Sharon M. Draper is a children’s book author to know. She’s an award-winning educator and author of books for kids and teens. She’s a five-time winner of the Coretta Scott King Literary Awards and in 2015 she received the Margaret A. Edwards Award for lifetime literary achievement from the American Library Association. So definitely a great author to add to your kids’ bookshelves! Here’s where to start, beginning with her books for older elementary school-aged kids and moving on up to books for kids 10-12 years old.
The Buried Bones Mystery (Clubhouse Mysteries #1)
Ziggy, Rashawn, Jerome, and Rico were planning on a summer full of shooting hoops, but when the neighborhood basketball court is vandalized, they find themselves at loose ends. Then Ziggy has a great idea. The boys can start a club, with all the things a club should have, like secret meetings, code words, treasures, and of course a clubhouse. Building the clubhouse in Ziggy’s backyard is lots of fun, but then when they dig a hole to hide their treasures, they find an old metal box full of human bones. The kids have stumbled upon an old mystery tied to the history of their neighborhood, and solving it gives their club a real and important purpose. It’s a great start to a series that elementary school kids will enjoy lots!
Happily, there are five more books in the series, with more fun adventures for the four boys! They are:
Lost in the Tunnel of Time, Shadows of Caesar’s Creek, The Space Camp Adventure, The Backyard Animal Show, and Stars and Sparks on Stage.
Little Sister is Not My Name (Sassy, #1)
Sharon Draper has another series good for elementary school kids, about a fourth-grade girl named Sassy. Sassy is sick to death of her family calling her “little sister.” Yes, she is little and the youngest in her family, but she is more than that! This isn’t a book with wild adventures; instead, it’s a series of small episodes in the life of a confident 4th grader who knows she can be someone special (someone more than just a little sister…). A prefect read, of course, for all who chafe at being the youngest, but pleasant fun even for big sisters, and anyone who likes a bit of sparkle in their life, and in their accessories, will love Sassy.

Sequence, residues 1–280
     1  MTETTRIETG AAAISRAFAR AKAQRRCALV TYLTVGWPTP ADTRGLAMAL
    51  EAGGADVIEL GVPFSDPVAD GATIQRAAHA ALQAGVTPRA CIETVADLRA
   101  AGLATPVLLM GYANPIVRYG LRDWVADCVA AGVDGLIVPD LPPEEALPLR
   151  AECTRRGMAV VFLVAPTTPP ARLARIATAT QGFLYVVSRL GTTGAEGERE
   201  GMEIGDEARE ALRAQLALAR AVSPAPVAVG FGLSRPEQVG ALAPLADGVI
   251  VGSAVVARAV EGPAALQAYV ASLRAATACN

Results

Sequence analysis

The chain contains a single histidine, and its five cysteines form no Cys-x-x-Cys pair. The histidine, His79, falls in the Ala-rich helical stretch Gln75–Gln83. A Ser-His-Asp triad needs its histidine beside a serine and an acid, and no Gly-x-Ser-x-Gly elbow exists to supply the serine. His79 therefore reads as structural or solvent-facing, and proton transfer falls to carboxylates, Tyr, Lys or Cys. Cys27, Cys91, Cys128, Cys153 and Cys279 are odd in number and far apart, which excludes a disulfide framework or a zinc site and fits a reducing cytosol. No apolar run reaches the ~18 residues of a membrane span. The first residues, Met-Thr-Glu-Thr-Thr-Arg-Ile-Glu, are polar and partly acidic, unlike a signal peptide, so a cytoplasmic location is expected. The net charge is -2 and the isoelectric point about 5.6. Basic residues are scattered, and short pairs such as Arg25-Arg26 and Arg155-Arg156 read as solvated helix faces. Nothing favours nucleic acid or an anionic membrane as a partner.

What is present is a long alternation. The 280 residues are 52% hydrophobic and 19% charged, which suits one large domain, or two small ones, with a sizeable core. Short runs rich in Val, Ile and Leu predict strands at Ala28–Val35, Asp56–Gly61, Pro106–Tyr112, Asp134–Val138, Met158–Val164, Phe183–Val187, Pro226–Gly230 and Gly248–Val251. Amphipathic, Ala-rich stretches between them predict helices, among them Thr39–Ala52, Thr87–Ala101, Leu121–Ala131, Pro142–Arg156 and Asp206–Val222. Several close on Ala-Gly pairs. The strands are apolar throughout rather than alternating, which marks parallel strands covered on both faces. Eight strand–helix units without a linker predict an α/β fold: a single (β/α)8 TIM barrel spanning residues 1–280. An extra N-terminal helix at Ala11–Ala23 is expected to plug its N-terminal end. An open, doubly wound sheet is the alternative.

There are three more books about Sassy, in which things go realistically wrong before they go right again thanks to Sassy’s refusal to give up:
The Birthday Storm, The Silver Secret, and The Dazzle Disaster Party.
Out of My Mind
This is a powerful stand-alone novel for middle grade kids (9-12) about an extraordinary girl. Melody has a photographic memory, and loves learning. But Melody has cerebral palsy, and she cannot walk or talk. She’s never been able to say “I love you” to her parents, let alone show the world how smart she is. “By the time I was two, all my memories had words, and all my words had meanings. But only in my head,” Melody remembers. “I have never spoken one single word. I am almost eleven years old.” But with the help of new technology, in the form of a communication board, Melody is finally able to share her thoughts, at least to patient listeners. And finally, she can go to school. But instead of instantly making good friends, and learning more and more, Melody faces a painful journey. Her brave spirit and fierce intellect keep her going, and keep the reader cheering for her. This is a great one to offer the kid who loves Wonder.
Stella by Starlight
Here’s another great stand-alone for historical fiction fans! Stella and her little brother shouldn’t have been wandering outside that night in the woods behind their house in Bumblebee, North Carolina. And they shouldn’t have had to see the Ku Klux Klan burning a cross, but they do; it’s 1932, and the segregated south is a dangerous place for black families like Stella’s. Though fear is real, Stella’s papa and two other men decide to take a stand, and register to vote, and though the KKK retaliates, Stella’s community persists in their resistance. This big story is set within the smaller story of Stella’s everyday life full of family love, struggles at school, and a desire to learn to be as good a writer as she can be. The many small happinesses and happenings make the larger horror of fanatical racism no less horrible, but do leave the reader feeling warm and hopeful for Stella. It’s full of atmosphere and history and vivid sense of place, and Stella is a lovely relatable character. Give this one to the girl who dreams of being a writer; she will find Stella a kindred spirit.
What are your favorite books by Sharon M. Draper?